Sam’s intensity is forecast to take advantage of these warm waters and keep the system pretty strong, at least for another day or two until the transition into an extratropical low will take place. Keep in mind that very warm water temperatures are when combined with strong upper-level pattern support, normally leading to stronger tropical cyclones.


The oceanic water temperature is actually extremely warm along the Gulf Stream, the area of the Atlantic where hurricane Sam will be crossing on Monday. Exactly where the extratropical transition will take place. Sea surface temperatures are nearly 5 °C above normal for this time of the year.

Notice that also the whole North Atlantic remains warmer than usual. And this is pretty much a strongly concerning signal that the final two months of the Atlantic Hurricane Season could be very active. Especially as we are now monitoring a large and very deep atmospheric MJO wave that is forecast to boost the activity throughout the month of October.



There are two most important ingredients in the tropical regions: having very warm ocean temperatures that are fueling the convective storms and strong upper-level support for rising motion (convection) needed to support tropical development. We use the term atmospheric wave when discussing this support aloft, the most important of this kind is the MJO wave, known as the Madden-Julian Oscillation.

But what exactly is the MJO wave and why is it so an important ingredient in the tropics?

The Madden-Julian Oscillation is a large-scale feature in the tropical region that circles the Earth in the equatorial region in about 30 to 60 days. It results as a significant booster to the tropical activity during the Atlantic Hurricane Season.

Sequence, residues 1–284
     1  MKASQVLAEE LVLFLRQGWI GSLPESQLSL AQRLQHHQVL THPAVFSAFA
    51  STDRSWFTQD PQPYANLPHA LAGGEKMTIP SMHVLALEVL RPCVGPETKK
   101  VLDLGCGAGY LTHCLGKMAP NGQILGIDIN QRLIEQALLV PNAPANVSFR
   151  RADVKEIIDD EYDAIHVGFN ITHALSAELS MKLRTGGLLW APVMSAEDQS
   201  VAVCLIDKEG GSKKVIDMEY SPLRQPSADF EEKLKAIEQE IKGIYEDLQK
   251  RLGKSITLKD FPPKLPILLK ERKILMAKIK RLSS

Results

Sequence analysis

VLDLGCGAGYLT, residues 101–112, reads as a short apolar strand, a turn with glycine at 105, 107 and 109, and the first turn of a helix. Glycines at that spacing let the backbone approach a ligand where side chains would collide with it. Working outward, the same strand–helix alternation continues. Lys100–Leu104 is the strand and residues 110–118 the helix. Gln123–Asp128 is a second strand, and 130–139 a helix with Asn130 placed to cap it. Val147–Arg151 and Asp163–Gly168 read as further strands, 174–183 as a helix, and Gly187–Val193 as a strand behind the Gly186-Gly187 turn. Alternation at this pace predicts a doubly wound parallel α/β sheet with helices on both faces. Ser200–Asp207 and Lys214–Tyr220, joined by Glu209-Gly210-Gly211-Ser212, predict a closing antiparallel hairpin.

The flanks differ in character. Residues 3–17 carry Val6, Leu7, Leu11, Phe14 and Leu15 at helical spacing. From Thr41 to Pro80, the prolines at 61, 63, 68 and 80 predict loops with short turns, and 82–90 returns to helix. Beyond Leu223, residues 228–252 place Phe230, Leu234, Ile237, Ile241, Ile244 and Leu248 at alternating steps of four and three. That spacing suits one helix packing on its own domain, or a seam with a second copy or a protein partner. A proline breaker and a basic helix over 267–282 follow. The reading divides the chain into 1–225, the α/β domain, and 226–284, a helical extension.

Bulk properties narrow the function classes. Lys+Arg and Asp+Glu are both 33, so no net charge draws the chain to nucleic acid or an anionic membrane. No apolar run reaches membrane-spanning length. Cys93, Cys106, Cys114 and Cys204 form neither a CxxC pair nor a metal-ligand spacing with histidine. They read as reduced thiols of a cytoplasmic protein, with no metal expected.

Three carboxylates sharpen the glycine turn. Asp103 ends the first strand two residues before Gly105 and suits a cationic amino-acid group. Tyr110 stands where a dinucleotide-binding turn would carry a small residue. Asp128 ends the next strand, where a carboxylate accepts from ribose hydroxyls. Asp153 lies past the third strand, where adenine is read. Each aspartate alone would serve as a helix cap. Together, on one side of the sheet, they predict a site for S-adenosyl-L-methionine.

The tropical regions around our planet have general weather dynamics that are quite a lot different from the mid-latitude region weather patterns. We are used to having frontal systems with cold and warm fronts in the mid-latitude regions, while the weather in the tropical region mainly has convective activity (thunderstorms) and no real fronts.

These thunderstorms are ongoing within a large-scale pressure and wind variabilities, a lot of the activity is driven by the ‘invisible’ waves in the atmosphere. MJO is such a wave and has two parts, enhanced rainfall (a wet phase that boosts the tropical development) on one side and the suppressed convective activity (dry phase) on the other side.


The horizontal movement of these air masses is known as the Velocity Potential, an indicator of the large-scale divergent flow in the upper levels of the atmosphere which allows the upward motion of thunderstorms (convection). The attached map above, provided by Michael J. Ventrice, indicates a deep MJO wave moving from the eastern tropical Pacific into the Caribbean region and western Tropical Atlantic through the first half of October.

Since late September, the general environmental support has been increasing and helping Hurricane Sam to become a long-lived storm with powerful strength. The general weather pattern with the emerging MJO is also resulting in a low wind shear environment that will remain in place for the following weeks this October.



The very warm Atlantic Ocean waters and the gradually emerging deep atmospheric MJO wave aloft from the west have allowed hurricane Sam to become the most powerful hurricane of the Atlantic Hurricane Season 2021, also the longest-lived tropical system this year.